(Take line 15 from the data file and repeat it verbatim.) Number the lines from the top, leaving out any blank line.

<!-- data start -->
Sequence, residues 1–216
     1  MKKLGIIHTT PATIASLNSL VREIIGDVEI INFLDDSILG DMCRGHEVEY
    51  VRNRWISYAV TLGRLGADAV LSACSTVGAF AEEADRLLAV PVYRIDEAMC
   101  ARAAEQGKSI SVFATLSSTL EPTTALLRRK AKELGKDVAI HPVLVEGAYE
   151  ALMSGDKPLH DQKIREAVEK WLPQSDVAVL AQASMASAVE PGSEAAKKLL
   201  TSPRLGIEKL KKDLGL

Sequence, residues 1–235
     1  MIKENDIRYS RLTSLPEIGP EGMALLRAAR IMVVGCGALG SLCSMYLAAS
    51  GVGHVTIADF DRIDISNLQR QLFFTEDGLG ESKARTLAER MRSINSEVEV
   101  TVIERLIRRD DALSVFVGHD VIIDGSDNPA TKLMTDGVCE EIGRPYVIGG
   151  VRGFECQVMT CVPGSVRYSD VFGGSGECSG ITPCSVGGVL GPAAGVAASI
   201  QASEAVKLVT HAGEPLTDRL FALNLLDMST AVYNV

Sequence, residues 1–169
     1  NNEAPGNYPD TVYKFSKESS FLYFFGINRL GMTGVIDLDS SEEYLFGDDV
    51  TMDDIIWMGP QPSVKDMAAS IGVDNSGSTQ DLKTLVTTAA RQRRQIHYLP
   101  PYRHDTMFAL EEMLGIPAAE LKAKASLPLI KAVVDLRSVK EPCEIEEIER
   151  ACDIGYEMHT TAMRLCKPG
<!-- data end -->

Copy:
    51  TMDDIIWMGP QPSVKDMAAS IGVDNSGSTQ DLKTLVTTAA RQRRQIHYLP